Bias at the ABC on gay marriage could engender a silent revolt?

Bias at the ABC on gay marriage could engender a silent revolt? By Caroline Marcus.

It all started when a contact at the ABC forwarded me a memo which had been circulated to all ABC News and Radio staff. The email reminded journalists that some 40 per cent of Australians do not support same-sex marriage and it was the taxpayer-funded broadcaster’s statutory duty to remain impartial on this matter, including across employees’ social media accounts. …

Unsurprisingly, it didn’t take long to find several examples of ABC staff still flagrantly breaching the directive. Hell, in the six hours after the latest memo was sent, ABC News’ own official Facebook page published five posts from the pro-SSM side, one that was neutral and none from the No case.

But the most high-profile of those who’d gone rogue was Emma Alberici, the host of Lateline. Days earlier, she’d begun an interview with Finance Minister Mathias Cormann suggesting party room bickering was endangering vulnerable young gay people. She went on to claim the wider public doesn’t want a plebiscite, although anyone who’s taken even a cursory glance at the polls knows this to be patently false. But it was Alberici’s social media activity which proved most illuminating: she regularly lashes out at defenders of traditional marriage and openly admits she can’t get her head around why some may oppose change. …

Is the gay marriage Australia’s Brexit/Trump moment? Probably not, but there are some commonalities…

Certainly, the arrogance in some sections of the mainstream media about assured victory and moral superiority, coupled with the taunting of those opposed to change as deplorable, were eerily familiar. I watched one openly gay friend post on his private Facebook page that he was abstaining from the plebiscite because he was personally against same-sex marriage. He was so viciously attacked by his own so-called friends, he deleted the post.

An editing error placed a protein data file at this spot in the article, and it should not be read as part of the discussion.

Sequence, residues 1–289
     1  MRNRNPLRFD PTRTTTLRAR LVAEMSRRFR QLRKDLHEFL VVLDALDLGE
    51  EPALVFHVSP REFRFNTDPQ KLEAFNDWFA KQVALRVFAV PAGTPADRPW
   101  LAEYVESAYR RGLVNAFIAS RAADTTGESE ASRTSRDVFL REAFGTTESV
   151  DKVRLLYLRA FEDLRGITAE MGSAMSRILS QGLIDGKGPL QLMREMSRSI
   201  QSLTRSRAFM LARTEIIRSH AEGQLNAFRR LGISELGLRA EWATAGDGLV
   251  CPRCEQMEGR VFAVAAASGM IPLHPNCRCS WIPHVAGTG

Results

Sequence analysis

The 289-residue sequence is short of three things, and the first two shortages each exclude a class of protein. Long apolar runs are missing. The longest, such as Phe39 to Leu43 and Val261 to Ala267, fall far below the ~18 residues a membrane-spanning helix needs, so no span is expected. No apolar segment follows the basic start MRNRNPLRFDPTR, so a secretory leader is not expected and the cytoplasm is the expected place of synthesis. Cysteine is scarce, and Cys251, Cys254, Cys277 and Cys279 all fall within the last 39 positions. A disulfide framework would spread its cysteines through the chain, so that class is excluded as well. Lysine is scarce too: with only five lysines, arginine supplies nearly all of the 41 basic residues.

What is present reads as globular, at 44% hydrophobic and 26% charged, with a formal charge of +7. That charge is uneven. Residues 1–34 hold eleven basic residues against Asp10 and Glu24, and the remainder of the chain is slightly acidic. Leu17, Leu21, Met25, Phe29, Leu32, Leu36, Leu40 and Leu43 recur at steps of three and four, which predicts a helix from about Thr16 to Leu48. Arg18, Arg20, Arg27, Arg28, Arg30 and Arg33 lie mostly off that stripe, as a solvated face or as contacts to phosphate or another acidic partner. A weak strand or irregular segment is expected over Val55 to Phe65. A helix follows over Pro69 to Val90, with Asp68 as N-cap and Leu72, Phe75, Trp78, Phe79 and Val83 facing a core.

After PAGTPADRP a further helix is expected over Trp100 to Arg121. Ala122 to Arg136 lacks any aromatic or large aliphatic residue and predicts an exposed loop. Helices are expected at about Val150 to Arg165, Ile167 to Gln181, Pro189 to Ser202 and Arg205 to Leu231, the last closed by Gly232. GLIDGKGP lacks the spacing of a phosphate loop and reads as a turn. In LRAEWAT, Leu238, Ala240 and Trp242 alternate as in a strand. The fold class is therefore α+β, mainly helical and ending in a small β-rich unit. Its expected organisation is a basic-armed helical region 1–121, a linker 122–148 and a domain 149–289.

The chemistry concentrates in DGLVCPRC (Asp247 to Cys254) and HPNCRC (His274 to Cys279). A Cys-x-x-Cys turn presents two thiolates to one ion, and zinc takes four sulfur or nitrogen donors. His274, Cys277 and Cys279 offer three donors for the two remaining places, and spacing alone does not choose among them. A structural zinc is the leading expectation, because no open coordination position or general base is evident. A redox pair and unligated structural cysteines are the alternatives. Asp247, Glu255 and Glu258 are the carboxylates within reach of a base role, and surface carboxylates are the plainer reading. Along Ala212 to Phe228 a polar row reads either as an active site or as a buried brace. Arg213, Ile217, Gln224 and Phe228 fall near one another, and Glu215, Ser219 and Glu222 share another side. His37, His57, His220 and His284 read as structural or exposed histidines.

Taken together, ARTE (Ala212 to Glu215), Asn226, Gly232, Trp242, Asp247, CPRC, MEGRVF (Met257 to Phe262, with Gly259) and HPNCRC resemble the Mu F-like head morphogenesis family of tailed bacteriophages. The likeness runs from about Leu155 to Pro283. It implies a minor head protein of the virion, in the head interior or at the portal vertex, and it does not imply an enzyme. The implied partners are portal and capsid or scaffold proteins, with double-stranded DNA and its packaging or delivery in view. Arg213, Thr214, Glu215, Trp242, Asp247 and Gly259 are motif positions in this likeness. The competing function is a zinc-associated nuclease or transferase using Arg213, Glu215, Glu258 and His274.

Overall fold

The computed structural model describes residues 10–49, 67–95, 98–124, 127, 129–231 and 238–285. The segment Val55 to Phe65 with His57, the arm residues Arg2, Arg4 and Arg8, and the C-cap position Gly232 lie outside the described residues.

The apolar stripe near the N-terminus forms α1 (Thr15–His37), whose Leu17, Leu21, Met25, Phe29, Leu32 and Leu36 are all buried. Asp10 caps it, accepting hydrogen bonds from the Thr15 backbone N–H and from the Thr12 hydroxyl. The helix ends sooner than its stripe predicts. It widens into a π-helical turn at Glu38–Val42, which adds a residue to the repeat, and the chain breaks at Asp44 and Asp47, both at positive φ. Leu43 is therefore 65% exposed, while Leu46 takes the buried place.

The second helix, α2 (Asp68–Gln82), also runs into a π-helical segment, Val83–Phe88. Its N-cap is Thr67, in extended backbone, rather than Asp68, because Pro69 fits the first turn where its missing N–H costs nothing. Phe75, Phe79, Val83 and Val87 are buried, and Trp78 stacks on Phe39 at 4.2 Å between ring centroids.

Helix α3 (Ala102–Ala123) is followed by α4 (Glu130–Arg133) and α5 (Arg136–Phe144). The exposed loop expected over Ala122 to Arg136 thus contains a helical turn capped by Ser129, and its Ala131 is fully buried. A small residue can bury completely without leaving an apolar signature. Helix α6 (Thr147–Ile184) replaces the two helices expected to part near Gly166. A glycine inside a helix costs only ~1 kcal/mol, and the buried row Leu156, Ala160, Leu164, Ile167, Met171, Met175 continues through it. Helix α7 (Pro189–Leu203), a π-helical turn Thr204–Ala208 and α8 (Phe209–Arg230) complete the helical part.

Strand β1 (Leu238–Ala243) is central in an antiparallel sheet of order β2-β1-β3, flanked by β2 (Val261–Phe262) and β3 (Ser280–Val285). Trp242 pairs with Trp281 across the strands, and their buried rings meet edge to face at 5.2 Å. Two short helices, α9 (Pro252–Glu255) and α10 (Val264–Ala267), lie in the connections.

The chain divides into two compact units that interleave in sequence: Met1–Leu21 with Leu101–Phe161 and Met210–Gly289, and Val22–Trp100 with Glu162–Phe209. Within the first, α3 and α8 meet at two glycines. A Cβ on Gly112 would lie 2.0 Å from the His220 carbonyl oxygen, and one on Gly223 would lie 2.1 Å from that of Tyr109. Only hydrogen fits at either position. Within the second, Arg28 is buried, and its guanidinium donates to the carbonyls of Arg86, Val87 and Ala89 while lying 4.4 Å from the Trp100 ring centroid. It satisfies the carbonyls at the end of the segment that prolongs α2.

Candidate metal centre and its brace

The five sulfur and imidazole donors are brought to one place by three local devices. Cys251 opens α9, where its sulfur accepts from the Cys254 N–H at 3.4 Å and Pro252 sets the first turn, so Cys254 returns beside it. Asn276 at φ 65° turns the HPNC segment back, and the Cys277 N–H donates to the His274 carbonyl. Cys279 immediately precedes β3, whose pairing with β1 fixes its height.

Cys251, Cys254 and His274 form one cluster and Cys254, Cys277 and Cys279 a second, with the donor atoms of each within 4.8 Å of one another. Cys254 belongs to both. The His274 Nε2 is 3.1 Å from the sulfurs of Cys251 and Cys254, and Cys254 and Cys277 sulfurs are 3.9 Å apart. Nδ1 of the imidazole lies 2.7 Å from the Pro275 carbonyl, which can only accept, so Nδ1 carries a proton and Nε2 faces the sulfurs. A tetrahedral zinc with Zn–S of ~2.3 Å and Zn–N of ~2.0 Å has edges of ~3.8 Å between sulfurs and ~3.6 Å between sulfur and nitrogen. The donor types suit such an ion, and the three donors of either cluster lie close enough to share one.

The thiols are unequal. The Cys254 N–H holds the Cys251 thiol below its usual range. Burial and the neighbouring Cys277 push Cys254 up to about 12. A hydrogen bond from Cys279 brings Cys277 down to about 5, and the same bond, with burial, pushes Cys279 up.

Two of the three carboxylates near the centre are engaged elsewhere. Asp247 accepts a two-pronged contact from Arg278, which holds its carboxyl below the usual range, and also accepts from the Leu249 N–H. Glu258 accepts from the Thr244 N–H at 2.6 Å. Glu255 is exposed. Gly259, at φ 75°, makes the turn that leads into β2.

I made it clear from the start I was sympathetic to gay marriage, to the point of mentally planning my wedding guest outfits, but went on to point out that some Yes campaigners’ strategy of intimidation and suppression of other views would almost certainly push not just the undecided away, but many inclined to be supportive, too. …

I was well-acquainted with Twitter lynch mobs after years of writing columns, but even I was taken aback by the ferocity of the online attacks that ensued. This was more brutal than the times I’d argued the merits of capital punishment, written in support of Israel and taken on bloodthirsty jihadists put together. …

There’ll always be a special place in my heart for the brave soul who trawled through my Instagram feed to find a photograph of my baby nephew under which he could comment: ‘hope he’s not gay’. A casual observer could be forgiven for thinking I’d argued homosexuals should be hanged, drawn and quartered at dawn. …

A public shaming by the rainbow thought police is hardly going to dissuade me from speaking out, but you can bet it will make others think twice about expressing their views openly if they don’t conform unequivocally to the groupthink.

All the more reason to suspect we may well see a silent revolt at the postbox.

hat-tip Stephen Neil